Going to Court during the Coronavirus Pandemic

We are presently in a global pandemic. Governments around the world have announced measures and policies to deal with and limit the spear of the COVID-19 virus. The Australian government, like most other countries, has taken significant steps which has included banning entry to Australia by non-residents, self-isolation measures for people who have returned from overseas or may have been exposed and proposals to introduce new laws and offences to implement and enforce these measures.

The virus has impacted most sections of our society. Sport is being played in empty stadiums, movie cinemas have temporarily closed their doors, people have lost work and some small businesses have shut down. The NSW Courts are no different.

A number of measures have been introduced in relation to criminal matters which include:

1. The suspension of all jury trials, unless a jury has already been empanelled;
2. Allowing defence lawyers to appear electronically in mentions and adjournments in the Local Court, by sending letters or emails to the Local Court registry;
3. Deferring all Local Court defended hearings between 23 March 2020 and 1 May 2020, unless the defendant is in custody;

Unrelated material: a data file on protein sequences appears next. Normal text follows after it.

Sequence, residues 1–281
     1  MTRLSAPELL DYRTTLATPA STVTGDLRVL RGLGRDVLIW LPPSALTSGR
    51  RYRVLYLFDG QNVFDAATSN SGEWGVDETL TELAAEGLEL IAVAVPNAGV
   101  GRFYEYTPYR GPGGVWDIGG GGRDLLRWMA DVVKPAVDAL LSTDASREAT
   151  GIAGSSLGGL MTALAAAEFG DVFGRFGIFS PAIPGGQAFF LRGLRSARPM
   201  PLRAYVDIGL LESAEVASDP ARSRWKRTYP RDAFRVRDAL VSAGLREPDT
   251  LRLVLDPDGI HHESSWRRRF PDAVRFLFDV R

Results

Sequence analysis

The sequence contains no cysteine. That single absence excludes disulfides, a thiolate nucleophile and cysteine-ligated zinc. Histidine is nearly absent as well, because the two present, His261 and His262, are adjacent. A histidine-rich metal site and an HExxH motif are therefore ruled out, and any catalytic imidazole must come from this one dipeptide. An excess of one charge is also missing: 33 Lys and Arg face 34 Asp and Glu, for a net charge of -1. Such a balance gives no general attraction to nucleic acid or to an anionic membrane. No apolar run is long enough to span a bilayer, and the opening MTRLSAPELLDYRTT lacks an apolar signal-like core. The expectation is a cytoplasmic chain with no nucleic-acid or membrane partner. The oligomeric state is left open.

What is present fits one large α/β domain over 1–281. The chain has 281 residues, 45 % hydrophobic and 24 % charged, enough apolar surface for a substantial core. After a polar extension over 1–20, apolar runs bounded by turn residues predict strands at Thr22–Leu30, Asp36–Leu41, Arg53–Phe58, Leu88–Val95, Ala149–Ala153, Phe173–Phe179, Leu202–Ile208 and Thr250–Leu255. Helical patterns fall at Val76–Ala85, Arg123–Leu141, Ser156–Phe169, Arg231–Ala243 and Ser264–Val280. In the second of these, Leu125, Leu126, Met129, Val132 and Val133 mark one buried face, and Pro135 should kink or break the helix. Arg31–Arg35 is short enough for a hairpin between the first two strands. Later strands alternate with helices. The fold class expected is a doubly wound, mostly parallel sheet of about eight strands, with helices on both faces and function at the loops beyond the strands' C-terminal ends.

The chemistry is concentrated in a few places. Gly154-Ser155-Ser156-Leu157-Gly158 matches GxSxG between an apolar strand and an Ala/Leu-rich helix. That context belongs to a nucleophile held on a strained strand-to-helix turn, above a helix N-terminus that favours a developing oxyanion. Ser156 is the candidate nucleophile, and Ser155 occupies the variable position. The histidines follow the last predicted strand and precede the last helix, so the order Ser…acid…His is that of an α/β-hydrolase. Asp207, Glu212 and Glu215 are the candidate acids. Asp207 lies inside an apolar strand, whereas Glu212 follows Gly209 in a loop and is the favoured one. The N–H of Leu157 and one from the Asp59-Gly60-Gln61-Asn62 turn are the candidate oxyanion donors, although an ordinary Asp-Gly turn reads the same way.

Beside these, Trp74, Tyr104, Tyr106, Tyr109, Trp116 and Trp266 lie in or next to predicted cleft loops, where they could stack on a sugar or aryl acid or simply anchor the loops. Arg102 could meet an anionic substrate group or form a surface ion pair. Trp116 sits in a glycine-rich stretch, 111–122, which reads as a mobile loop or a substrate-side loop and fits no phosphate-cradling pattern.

4. Allowing witnesses to give evidence by way of Audio Visual Link, without the need for a formal application; and
5. Conducting some District Court callover lists by Audio Visual Link or telephone.

If you have been charged with a criminal offence and have a court date looming, you may be able to have your matter dealt with in your absence, either by retaining a lawyer or contacting the Registry of the relevant Local Court. In some circumstances, people who are on bail will not need to attend court, provided they have a legal representative appearing for them.

NSW Police have also changed their policies. New matters where a person is not subject to bail conditions will be listed 10 to 12 weeks after the charge is laid, rather than the usual 3 to 6 weeks. Stationary Random Breath Testing sites have also been suspended, however Police will still be pulling drivers over to conduct random testing.

The RMS will not file any further proceedings until after 1 July 2020 and any traffic infringements or tickets that a person elects to have been dealt with in court will not be allocated a court date until after 1 October 2020.

While some leeway has been seen in court, particularly in relation to bail and reporting requirements for defendants, it is important to seek legal advice if you have a matter pending before the courts. A person who fails to attend court for a matter may have the matter finalised in their absence. In some cases, Magistrates may issue warrants for the arrest of that person.

As always, Armstrong Legal is here to provide ongoing support and advice. We can be contacted on 1300 038 223.

Author: Angela Cooney

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